• reports and chronicles of Chinese diplomats, traders and travellers.

The beginning of the era of the Khmer kingdom of Angkor is conventionally dated to 802. In this year, king Jayavarman II had himself declared "Chakravartin" (king of the world).

History

Jayavarman II - the founder of Angkor

Jayavarman II lived as a prince at the court of Sailendra in Java, whether as a royal hostage of Java's vassal kingdom, or for his education (or both), has not yet been established. Thus he brought the art and culture of Javanese Sailendran court to Cambodia. After he eventually returned to his home, the former kingdom of Chenla, he quickly built up his influence, conquered a series of competing kings, and in 790 became king of a kingdom called "Kambuja" by the Khmer. In the following years he extended his territory and eventually established his new capital of Hariharalaya near the modern Cambodian town of Roluos. He thereby laid the foundation of Angkor, which was to arise some 15 km to the northwest. In 802 he declared himself Chakravartin, in a ritual taken from the Indian-Hindu tradition. Thereby he not only became the divinely appointed and therefore uncontested ruler, but also simultaneously declared the independence of his kingdom from Java. Jayavarman II died in the year 834.

Yasodharapura - the first city of Angkor

Jayavarman II's successors continually extended the territory of Kambuja. Indravarman I (reigned 877 - 889) managed to expand the kingdom without wars, and he began extensive building projects, thanks to the wealth gained through trade and agriculture. Foremost were the temple of Preah Ko and irrigation works. He was followed by his son Yasovarman I (reigned 889 - 915), who established a new capital, Yasodharapura - the first city of Angkor.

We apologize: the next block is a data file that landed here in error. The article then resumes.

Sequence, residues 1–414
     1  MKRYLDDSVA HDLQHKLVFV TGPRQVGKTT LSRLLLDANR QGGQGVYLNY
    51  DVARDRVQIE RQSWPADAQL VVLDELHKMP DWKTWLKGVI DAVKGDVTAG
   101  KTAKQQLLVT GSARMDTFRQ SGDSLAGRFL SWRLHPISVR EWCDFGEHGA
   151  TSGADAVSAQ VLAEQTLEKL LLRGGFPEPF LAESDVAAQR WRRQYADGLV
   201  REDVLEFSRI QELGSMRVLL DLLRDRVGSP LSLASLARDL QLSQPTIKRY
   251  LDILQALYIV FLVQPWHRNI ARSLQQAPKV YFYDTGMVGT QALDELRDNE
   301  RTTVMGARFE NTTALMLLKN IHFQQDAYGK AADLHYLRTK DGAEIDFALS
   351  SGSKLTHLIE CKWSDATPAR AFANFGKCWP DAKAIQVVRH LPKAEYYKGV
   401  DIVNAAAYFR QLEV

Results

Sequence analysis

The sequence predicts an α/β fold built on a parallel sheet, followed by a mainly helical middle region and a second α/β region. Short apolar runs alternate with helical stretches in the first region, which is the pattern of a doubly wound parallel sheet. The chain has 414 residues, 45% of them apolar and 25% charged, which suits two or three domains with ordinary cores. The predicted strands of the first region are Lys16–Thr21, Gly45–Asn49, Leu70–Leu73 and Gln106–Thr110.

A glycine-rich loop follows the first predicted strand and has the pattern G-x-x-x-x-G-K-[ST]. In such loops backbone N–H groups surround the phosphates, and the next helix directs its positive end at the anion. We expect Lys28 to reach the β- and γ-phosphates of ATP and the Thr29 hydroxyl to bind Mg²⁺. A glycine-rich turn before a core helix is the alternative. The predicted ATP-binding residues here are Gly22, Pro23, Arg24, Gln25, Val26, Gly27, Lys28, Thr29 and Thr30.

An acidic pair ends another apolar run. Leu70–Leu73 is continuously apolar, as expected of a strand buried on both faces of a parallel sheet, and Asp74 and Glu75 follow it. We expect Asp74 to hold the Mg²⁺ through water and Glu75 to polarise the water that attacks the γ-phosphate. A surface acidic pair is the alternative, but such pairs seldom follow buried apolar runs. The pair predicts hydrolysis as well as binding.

The city's central temple was built on Phnom Bakheng, a hill which rises around 60 m above the plain on which Angkor sits. Under Yasovarman I the East Baray was also created, a massive water reservoir of 7.5 by 1.8 km.

At the beginning of the 10th century the kingdom split. Jayavarman IV established a new capital at Koh Ker, some 100 km northeast of Angkor. Only with Rajendravarman II (reigned 944 - 968) was the royal palace returned to Yasodharapura. He took up again the extensive building schemes of the earlier kings and established a series of temples in the Angkor area; not the least being the East Mebon, on an island in the middle of the East Baray, and several Buddhist temples and monasteries. In 950 the first war took place between Kambuja and the kingdom of Champa to the east (in the modern central Vietnam).

From 968 to 1001 reigned the son of Rajendravarman II, Jayavarman V. After he had established himself as the new king over the other princes, his rule was a largely peaceful period, marked by prosperity and a cultural flowering. He established a new capital near Yashodharapura, Jayenanagari. At the court of Jayavarman V lived philosophers, scholars and artists. New temples were also established: the most important of these are Banteay Srei, considered one of the most beautiful and artistic of Angkor, and Ta Keo, the first temple of Angkor built completely of sandstone.

After the death of Jayavarman V a decade of conflict followed. Kings reigned only for a few years, and were successively violently replaced by their successors until eventually Suryavarman I (reigned 1010 - 1050) gained the throne. His rule was marked by repeated attempts by his opponents to overthrow him and by military conquests. In the west he extended the kingdom to the modern Lopburi in Thailand, in the south to the Kra Isthmus. At Angkor, construction of the West Baray began under Suryavarman I, the second and even larger {8 by 2.2 km) water reservoir after the Eastern Baray.

Suryavarman II - Angkor Wat